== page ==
Student asks: “Are you registered to vote?”

Hannah Pate, Staff Writer

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After months of registering voters outside of Walmart and other locations, I am exhausted. Not only physically, but mentally and spiritually.

My job with Montana Women Vote has not only inspired me to stay involved in politics but also made me incredibly angry. Time after time I asked “Would you like to register to vote?” only to be answered with “Nope. Hell no. No thanks.”

Not every person was negative and ignorant, don’t get me wrong — but the number of people who took their right to vote for granted was disturbing. I consider voting not only a right but a responsibility. It is a citizen’s responsibility to be not only educated on the issues, but use his or her  vote to determine the future of our country.

I get where some people are coming from when they say, “I’m not voting for any of them!” or “They both suck!” But the Presidential contest is only one small part of the overall election.The media makes it sound like it is the end of the world if your candidate doesn’t win, but the President only has a small amount of power in comparison to our local officials.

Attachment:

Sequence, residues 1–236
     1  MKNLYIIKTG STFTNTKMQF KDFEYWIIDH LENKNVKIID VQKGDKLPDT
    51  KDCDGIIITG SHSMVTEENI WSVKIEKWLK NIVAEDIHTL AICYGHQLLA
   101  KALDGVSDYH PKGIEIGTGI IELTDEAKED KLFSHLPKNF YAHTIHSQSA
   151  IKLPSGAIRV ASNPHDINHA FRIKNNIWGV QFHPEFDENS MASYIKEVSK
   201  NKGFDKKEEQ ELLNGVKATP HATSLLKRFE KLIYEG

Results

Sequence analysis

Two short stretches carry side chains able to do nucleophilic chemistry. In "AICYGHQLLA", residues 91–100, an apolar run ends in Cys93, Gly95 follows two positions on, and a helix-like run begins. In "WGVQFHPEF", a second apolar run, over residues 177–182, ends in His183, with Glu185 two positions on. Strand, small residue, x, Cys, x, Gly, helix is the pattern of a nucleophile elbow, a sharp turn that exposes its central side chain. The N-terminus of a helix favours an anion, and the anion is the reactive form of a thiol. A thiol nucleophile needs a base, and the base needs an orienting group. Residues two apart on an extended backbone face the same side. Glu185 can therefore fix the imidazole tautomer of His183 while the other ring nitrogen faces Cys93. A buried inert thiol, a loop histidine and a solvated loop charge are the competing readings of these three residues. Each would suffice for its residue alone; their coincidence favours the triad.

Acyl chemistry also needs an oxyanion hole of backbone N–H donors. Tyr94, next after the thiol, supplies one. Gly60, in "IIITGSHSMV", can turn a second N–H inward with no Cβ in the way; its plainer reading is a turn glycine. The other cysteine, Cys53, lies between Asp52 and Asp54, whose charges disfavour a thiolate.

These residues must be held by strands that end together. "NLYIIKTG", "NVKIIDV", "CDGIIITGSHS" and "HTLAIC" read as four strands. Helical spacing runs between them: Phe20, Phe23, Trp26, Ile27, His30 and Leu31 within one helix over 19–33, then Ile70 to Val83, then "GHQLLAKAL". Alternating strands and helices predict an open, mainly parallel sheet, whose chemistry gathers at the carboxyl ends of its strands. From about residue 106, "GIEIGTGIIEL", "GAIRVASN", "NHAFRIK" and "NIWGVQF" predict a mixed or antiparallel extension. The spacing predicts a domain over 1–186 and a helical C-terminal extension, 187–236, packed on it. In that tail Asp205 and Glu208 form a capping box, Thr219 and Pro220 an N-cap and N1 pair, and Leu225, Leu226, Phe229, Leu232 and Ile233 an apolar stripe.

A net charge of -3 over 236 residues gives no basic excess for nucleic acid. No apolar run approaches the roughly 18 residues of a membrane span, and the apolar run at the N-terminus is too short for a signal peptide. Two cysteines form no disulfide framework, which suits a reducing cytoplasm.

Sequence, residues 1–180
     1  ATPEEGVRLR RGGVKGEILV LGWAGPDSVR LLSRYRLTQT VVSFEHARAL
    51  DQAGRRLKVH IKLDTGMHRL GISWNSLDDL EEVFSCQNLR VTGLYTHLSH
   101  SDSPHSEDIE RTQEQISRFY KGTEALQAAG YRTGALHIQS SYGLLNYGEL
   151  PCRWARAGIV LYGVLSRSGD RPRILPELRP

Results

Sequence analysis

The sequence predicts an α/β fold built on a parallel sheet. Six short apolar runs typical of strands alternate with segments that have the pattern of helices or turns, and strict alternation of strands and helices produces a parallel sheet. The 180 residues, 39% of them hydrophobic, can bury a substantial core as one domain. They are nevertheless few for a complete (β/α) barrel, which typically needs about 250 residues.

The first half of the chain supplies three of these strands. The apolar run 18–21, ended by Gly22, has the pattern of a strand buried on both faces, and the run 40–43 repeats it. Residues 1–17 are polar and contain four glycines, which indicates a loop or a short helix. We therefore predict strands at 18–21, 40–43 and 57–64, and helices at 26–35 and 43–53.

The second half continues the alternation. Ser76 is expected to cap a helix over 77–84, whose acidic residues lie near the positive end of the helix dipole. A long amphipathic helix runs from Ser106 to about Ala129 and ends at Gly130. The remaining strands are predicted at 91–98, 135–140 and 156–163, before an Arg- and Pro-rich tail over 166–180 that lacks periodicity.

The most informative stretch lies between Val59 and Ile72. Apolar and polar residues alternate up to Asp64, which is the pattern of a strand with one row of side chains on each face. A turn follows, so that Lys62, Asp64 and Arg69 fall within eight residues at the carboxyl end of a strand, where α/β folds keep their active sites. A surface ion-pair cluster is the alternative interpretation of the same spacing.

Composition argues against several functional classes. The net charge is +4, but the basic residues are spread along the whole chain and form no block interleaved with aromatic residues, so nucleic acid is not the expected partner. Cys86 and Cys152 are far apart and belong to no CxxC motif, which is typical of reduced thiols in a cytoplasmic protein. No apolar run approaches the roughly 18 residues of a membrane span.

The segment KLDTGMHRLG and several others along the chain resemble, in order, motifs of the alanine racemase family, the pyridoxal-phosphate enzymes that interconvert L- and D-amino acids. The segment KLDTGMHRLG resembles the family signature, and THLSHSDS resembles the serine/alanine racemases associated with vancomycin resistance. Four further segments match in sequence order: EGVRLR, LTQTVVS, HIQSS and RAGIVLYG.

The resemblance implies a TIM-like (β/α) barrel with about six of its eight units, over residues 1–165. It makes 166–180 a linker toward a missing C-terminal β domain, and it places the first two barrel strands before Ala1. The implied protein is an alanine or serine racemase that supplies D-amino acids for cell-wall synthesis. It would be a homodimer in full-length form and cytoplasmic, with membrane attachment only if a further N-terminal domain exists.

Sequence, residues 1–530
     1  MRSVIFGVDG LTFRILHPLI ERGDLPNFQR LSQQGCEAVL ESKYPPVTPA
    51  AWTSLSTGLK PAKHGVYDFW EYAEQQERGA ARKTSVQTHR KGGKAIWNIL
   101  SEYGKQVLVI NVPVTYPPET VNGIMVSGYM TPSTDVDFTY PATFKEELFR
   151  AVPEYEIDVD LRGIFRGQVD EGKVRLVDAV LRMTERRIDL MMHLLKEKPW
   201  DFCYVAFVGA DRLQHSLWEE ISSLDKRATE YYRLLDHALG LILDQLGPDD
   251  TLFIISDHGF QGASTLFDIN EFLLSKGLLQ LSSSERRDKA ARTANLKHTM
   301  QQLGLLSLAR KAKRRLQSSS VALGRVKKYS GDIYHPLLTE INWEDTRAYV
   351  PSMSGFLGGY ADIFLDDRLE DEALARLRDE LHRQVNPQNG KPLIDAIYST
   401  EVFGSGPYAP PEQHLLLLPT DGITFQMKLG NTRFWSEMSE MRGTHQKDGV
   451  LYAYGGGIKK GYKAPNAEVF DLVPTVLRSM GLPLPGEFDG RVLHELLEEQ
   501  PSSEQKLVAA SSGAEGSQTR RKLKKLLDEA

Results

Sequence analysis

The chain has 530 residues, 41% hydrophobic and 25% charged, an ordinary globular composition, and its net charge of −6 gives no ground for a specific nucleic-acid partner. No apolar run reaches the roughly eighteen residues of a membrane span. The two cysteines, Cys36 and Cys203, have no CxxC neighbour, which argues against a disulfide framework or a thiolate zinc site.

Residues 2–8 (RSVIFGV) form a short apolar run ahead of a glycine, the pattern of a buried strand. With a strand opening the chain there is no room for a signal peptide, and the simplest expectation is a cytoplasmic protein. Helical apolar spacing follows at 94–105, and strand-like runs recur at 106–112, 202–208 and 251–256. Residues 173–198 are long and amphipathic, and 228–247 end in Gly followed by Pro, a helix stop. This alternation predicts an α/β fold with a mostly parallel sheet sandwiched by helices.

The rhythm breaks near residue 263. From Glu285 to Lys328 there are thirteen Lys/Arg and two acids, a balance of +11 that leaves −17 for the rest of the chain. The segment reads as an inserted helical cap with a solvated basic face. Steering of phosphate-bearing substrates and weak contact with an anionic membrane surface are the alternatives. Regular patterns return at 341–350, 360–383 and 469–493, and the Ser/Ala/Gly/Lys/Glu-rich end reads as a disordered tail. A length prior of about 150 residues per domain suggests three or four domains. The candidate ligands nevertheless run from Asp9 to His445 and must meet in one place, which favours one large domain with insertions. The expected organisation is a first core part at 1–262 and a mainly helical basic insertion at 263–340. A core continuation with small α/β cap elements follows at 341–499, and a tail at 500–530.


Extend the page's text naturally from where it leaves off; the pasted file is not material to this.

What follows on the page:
One group of people who especially understand this is new United States citizens. I went to a naturalization ceremony at the Federal Courthouse in early August, and it made the frustration of the summer completely worth it.

I not only watched these people become legal citizens of the United States, but I also got to register them to vote in their first presidential election. The emotions in the room were high as their names were called, and even higher as they got off the elevator to the first floor and I greeted them with a Montana voter registration card.

These people were so excited to register, full of pride and honor for the democratic process and their newfound citizenship. Some of them even started crying. Luckily, I held my sobbing in until I got into my car afterward.

My supervisor Jules approached my car concerned, and I rolled down the window. “Are you OK?” she asked.

What she didn’t initially know is that I was more than OK. I was determined, pissed off, and overjoyed all at the same time.

These citizens were so unlike the others; they were grateful instead of entitled and considered voting a gift instead of a burden.

This election season, please remember these citizens. So what if you don’t like the presidential candidates! Vote locally. Vote on candidates, on constitutional initiatives, on ballot issues. JUST GET OUT AND VOTE.

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